To the official Tebbaboch who don’t even know it! they don’t speak any

To the official Tebbaboch who don’t even know it!
They don’t speak my language. In fact, they don’t speak any other Ethiopian language. I do. And I speak it better than most of them do. And yet, they call me a tebbab to mean a narrow nationalist. I smile, because…it’s obvious who is!

How long can Ethiopia’s state of emergency keep the lid on anger?

They disdain the idea of imagining the very existence of my language. In fact, they openly express hatred for any language other than Amharic. I not only embrace, enrich, and beautify their language, but I write, read, and speak their language to reach out to them (hoping to build bridges between us). But they call me a hater. Even nature knows just who the hater is. And yet, when I hear them say that we are haters, I smile and shrug it off.
My people never went to their land nor did they occupy a thing. They never insisted on having a special right there. Never. My people live in their own lands–until they are displaced by their soldiers, bandits, and and looters. In contrast, they do flock to my people’s land. And that is okay. But they deny my people the right to exist in their own land. They have the audacity to claim a special right while denying the people the very basic rights they deserve. They wish my people away from the land they are a guest of. They displace the natives, they destroy the forest, they vandalize the land, they change the cultural life of the area, they rename the places, they rewrite the histories of the places and of their people’s, they exploit the labor,and, in short, they generate an unnecessary suffering–yet they turn around and lament that they are denied “their rights” in their own land. Again, we smile and wonder if they are aware of the place where they stand.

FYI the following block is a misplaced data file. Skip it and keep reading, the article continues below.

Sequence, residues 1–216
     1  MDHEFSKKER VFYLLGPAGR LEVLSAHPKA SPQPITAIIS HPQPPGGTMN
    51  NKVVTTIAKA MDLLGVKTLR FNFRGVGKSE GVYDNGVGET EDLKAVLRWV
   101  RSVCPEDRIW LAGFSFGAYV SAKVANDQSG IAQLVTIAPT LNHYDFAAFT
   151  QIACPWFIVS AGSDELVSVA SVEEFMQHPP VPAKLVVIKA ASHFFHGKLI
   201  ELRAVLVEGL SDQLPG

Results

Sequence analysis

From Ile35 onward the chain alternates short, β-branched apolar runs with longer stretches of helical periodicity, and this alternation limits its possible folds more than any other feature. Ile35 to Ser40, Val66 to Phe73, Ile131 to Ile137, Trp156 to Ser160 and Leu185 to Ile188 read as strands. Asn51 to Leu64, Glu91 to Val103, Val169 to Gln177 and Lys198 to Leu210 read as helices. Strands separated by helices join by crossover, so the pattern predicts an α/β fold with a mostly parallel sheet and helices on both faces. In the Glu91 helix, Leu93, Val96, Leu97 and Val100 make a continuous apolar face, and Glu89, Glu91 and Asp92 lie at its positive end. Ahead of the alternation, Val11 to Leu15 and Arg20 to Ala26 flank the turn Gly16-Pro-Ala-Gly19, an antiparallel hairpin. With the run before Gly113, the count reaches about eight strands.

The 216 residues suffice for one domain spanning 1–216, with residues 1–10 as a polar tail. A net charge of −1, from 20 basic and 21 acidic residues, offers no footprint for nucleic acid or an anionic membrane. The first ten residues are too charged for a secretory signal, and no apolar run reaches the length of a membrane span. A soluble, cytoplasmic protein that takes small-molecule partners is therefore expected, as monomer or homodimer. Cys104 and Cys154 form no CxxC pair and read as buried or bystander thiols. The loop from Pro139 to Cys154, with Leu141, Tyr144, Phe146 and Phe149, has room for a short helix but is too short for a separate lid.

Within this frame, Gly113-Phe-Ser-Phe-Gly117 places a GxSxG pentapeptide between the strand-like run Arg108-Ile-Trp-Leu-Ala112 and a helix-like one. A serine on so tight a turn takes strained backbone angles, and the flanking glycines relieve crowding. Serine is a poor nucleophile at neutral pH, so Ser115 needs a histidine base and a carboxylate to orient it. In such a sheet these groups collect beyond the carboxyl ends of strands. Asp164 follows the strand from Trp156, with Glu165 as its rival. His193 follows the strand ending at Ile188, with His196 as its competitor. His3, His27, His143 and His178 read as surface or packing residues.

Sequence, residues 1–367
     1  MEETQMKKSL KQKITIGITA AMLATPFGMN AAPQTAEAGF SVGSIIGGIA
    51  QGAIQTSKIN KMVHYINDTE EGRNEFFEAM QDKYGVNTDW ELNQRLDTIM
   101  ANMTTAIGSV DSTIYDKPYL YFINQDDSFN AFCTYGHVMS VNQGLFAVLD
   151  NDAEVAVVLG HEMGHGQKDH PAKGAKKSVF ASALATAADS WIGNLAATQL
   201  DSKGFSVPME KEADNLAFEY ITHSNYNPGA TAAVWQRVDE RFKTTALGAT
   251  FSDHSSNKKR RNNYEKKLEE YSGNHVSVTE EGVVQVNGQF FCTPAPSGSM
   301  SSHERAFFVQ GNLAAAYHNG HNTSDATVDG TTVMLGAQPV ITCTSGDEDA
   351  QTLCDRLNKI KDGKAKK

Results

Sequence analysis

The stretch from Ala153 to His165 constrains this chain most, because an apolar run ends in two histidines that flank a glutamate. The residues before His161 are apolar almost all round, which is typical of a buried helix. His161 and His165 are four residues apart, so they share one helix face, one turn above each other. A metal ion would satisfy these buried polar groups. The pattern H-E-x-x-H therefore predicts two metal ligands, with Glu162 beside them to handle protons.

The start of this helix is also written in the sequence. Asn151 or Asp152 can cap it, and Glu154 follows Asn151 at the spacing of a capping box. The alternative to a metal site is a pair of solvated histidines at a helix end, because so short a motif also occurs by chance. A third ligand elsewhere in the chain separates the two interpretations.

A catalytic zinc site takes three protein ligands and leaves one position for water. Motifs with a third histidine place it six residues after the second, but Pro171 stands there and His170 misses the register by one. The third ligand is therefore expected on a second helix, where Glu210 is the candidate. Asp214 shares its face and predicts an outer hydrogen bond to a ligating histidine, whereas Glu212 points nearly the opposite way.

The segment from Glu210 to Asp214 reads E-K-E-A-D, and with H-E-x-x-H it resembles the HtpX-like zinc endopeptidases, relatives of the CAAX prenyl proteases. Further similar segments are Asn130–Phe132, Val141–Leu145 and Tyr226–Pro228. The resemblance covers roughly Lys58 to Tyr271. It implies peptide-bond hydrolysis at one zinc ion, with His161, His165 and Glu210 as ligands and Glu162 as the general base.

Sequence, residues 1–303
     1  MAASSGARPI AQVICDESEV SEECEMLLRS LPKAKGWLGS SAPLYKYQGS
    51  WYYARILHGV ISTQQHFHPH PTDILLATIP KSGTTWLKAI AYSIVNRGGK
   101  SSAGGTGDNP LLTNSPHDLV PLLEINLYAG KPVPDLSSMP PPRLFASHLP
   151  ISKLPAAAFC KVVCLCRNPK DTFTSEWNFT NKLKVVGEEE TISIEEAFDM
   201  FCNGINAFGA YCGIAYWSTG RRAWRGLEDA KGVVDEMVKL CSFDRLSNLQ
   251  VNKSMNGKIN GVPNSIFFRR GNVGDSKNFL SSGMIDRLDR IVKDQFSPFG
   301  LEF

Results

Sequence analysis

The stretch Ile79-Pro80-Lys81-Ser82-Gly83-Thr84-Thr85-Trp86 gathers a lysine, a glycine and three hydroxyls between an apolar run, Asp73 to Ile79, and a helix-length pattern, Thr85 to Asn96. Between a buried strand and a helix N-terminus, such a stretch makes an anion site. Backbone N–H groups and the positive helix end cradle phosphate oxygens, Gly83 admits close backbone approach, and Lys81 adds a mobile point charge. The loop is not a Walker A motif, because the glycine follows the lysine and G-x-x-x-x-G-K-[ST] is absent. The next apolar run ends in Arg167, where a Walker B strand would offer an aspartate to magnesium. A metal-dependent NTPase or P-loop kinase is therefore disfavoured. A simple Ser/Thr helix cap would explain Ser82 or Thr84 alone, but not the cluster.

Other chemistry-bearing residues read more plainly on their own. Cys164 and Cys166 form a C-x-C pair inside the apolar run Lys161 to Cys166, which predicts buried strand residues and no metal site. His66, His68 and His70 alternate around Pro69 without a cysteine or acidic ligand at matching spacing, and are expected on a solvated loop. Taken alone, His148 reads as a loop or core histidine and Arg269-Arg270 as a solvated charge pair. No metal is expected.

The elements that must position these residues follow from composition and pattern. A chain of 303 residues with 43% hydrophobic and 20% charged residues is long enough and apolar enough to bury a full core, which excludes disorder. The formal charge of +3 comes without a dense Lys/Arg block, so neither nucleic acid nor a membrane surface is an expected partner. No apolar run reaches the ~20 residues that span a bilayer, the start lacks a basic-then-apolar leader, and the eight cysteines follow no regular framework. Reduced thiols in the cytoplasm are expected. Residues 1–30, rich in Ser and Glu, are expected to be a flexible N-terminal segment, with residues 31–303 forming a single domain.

They spend their days trying to defend their undeserved privileges. That’s expected, although it’s not okay. But they do more. They spend their lives to regain the power to publicly disparage, insult, dehumanize, and humiliate the Oromo. And when you resist their prejudices, they call you divisive. Again, you smile.
Even worse, they say that you have “inferiority complex”, as if they even know what that means.
One day, smile won’t be enough. One day, rage will hit back. And when it does, they won’t even have time for regrets

By: Tsegaye Ararssa

Via Yaya Beshir